Surprisingly, there is also a six-page section on enchanting items, with another page on economics giving the wages of an enchanter at various Tech Levels (which affects the item prices!). There’s already been a couple of different systems for enchanting in GURPS, including an extensive one in Magic. That one I never cared for, as it’s geared around making very weak magic items, or making it so hard to do (so players don’t just make everything themselves) that it seems unlikely anyone would bother. This system is more flexible (Magic gives what kind of item each spell can be enchanted into, while Sorcery lets the enchanter choose his materials), but still tries to put some interesting brakes on PC enchanters by requiring more powerful items be made from more valuable items. It’s still costly, using “Spending of Yourself” in Thaumatology to require a few character points to be spent on creating non-trivial items as well as a decent amount of time. My main problem with the system is that it still assumes that any spell can be enchanted into an item, and anything that isn’t a spell can’t. However, with the points-based costs of everything, it would not be hard to work around this. A smaller problem I have is that it is assumed an existing item is being enchanted, and there’s still no support for enchantment through the act of creation, which is popular in a lot of fiction.


As a drop-in-and-play system, Sorcery is still underdeveloped, as the relatively low number of specific spells quickly becomes a problem. Hopefully, we will see sequels dedicated to rounding out the system some more (it should be noted here that an early version of this system appeared in Pyramid Vol 3, #63, and it has eighteen fire spells that aren’t in the current volume; also, Pyramid Vol 3 #82 included two more spells and a full sorcerer template for use with the Dungeon Fantasy line). Even if/when there are further volumes, an eager GM is going to need to make multiple purchases (of course, Google searches for other GM’s spells will help); I think this could be a great place for an eventual package deal.

That said, it’s a great book for tinkering GURPS GMs on two levels: First, all the mechanics are explained (though often kept out of the way in clearly marked boxes) so it is not hard to start making new spells on your own with just Basic Set (though Powers would help a lot). Second, the solutions for how to build some of the spell effects are very inventive, and there are ideas to be stolen here that can be used in completely different contexts.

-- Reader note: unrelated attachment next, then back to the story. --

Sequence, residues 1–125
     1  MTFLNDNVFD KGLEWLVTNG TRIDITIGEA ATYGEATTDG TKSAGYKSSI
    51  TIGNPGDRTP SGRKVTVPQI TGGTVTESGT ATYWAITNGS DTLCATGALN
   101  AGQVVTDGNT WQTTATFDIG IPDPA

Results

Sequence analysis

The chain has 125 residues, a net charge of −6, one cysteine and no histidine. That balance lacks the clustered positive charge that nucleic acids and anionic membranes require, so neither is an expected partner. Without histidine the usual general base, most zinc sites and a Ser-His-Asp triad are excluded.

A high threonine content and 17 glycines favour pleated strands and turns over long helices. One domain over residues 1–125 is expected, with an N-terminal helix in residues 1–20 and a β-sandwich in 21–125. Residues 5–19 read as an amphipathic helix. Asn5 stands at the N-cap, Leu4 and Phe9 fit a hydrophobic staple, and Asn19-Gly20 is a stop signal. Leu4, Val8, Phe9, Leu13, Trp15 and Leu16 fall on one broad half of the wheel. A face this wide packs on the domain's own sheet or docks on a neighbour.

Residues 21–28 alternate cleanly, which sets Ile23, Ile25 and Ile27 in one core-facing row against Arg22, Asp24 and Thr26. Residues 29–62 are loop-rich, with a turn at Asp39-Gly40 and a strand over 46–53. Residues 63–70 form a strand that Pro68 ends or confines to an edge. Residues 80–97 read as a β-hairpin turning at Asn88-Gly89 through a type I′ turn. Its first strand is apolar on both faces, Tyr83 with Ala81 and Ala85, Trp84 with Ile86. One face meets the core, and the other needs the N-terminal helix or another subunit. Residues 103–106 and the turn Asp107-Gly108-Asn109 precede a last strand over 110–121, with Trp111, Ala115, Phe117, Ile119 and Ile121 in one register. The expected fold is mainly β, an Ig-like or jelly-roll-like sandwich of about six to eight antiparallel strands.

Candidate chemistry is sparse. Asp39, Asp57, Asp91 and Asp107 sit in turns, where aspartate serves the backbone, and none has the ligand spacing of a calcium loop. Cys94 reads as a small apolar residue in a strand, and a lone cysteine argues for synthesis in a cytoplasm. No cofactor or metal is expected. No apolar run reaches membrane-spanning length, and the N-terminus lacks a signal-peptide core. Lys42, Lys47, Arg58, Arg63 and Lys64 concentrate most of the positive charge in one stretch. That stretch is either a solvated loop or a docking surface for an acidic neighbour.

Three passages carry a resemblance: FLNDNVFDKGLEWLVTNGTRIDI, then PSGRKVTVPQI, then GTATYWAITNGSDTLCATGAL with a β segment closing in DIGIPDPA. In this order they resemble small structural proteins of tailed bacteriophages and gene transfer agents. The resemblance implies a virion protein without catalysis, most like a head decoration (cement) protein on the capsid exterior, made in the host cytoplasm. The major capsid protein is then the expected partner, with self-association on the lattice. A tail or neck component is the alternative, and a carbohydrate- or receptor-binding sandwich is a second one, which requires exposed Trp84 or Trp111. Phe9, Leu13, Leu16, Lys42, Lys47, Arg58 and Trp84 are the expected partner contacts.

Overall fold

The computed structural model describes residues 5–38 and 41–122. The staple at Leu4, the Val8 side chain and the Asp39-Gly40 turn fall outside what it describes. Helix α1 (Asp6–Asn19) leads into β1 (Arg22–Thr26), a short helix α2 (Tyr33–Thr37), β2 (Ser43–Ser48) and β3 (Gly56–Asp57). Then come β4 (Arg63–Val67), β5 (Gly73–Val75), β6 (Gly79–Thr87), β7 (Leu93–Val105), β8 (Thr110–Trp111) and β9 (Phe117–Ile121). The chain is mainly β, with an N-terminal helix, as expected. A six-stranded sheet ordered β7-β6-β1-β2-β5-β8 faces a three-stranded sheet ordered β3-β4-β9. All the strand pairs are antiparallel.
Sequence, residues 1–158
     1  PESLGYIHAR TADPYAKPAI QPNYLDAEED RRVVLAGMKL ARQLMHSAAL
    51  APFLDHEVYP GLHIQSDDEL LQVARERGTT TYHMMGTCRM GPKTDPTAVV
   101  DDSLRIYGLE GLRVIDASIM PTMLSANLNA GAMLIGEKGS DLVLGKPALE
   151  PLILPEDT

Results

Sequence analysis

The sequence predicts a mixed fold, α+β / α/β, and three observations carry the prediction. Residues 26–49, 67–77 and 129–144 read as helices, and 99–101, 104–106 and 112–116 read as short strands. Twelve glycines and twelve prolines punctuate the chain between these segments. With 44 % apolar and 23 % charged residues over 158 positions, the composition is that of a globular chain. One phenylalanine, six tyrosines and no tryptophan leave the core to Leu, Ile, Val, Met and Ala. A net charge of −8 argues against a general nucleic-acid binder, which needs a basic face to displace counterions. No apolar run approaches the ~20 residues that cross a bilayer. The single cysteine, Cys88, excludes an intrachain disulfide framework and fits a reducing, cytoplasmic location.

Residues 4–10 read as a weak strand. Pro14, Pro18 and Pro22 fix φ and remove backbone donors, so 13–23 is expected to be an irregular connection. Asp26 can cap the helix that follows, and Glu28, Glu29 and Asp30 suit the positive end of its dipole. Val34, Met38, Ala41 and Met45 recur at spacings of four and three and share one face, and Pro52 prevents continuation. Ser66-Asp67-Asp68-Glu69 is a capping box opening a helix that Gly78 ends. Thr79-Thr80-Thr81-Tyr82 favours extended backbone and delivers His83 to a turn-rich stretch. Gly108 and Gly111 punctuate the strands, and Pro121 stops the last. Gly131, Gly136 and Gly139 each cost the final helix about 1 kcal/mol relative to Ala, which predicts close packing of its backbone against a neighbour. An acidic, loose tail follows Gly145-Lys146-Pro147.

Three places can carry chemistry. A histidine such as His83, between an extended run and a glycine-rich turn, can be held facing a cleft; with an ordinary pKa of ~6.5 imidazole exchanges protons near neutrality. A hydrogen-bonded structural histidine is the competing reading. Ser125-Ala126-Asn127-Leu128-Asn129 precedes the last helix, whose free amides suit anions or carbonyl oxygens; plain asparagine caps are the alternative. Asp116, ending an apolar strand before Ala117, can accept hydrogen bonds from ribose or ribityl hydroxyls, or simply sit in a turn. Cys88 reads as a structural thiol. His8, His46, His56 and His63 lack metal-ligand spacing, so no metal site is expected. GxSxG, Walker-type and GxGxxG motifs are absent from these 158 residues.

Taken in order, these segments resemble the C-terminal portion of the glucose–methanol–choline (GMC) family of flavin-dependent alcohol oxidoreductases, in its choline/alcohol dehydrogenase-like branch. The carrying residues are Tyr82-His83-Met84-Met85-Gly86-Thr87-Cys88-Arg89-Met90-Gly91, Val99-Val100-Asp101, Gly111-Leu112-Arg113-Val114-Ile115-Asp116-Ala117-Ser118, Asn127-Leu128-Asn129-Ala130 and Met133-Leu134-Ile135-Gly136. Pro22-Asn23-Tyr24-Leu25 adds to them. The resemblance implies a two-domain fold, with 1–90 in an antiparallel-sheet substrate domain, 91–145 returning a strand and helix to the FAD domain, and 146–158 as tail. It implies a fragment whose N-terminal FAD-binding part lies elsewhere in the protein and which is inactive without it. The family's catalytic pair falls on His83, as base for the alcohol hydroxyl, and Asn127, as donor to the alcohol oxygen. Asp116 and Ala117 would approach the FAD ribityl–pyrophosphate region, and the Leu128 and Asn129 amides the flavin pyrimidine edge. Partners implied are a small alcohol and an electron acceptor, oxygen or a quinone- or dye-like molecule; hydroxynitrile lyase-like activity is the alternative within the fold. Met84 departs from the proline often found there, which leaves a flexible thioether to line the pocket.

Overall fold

As a magic system, it provides a very different feel to the standard GURPS solutions as there are no magic skill rolls. An attack spell still needs a ‘to-hit’ roll, and the target gets a defense roll, but normally a mage has to make a skill roll to cast the spell before even getting to that point. Most of the systems in Thaumatology don’t change this basic fact, but merely reduce the number of skills in use from dozens for the standard magic system (up to hundreds for a ‘know-it-all’ mage) to about a dozen in Path/Book, Syntactic, and related systems. Here, the relatively high expenditure of points declares this to be something the character can reliably do, and the initial point of failure is removed.

Also, since there’s no need for the logical prerequisite chains of the skill-based system, it’s possible for a GM to create a spell set that has deliberate holes in it. The standard skill-based system was built around mages learning small effects and working up to large ones, with enough prerequisites drawing from other areas to cause trouble if a GM wanted to disallow one college. Most of the other systems have enough flexibility that a mage can always do a small spell (light a fire) if he has a large spell. Only Path/Book and Sorcery can say A does not imply B (and Path/Book is built around longer rituals and hidden effects instead of the endless potential for flashiness in Sorcery).